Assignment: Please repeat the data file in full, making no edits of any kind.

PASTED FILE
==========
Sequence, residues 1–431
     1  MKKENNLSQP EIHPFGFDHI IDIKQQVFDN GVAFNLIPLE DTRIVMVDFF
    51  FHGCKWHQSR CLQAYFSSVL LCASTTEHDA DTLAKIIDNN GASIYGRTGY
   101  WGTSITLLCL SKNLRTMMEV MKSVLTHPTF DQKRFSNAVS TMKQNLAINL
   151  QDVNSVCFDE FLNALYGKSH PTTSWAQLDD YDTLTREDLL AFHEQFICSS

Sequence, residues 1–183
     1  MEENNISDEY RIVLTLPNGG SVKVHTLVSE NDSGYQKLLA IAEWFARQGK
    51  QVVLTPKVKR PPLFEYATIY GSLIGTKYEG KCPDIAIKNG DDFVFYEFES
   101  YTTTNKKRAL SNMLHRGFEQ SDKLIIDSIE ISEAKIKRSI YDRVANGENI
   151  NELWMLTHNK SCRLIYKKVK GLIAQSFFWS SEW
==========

Sequence, residues 1–431
     1  MKKENNLSQP EIHPFGFDHI IDIKQQVFDN GVAFNLIPLE DTRIVMVDFF
    51  FHGCKWHQSR CLQAYFSSVL LCASTTEHDA DTLAKIIDNN GASIYGRTGY
   101  WGTSITLLCL SKNLRTMMEV MKSVLTHPTF DQKRFSNAVS TMKQNLAINL
   151  QDVNSVCFDE FLNALYGKSH PTTSWAQLDD YDTLTREDLL AFHEQFICSS

Sequence, residues 1–183
     1  MEENNISDEY RIVLTLPNGG SVKVHTLVSE NDSGYQKLLA IAEWFARQGK
    51  QVVLTPKVKR PPLFEYATIY GSLIGTKYEG KCPDIAIKNG DDFVFYEFES
   101  YTTTNKKRAL SNMLHRGFEQ SDKLIIDSIE ISEAKIKRSI YDRVANGENI
   151  NELWMLTHNK SCRLIYKKVK GLIAQSFFWS SEW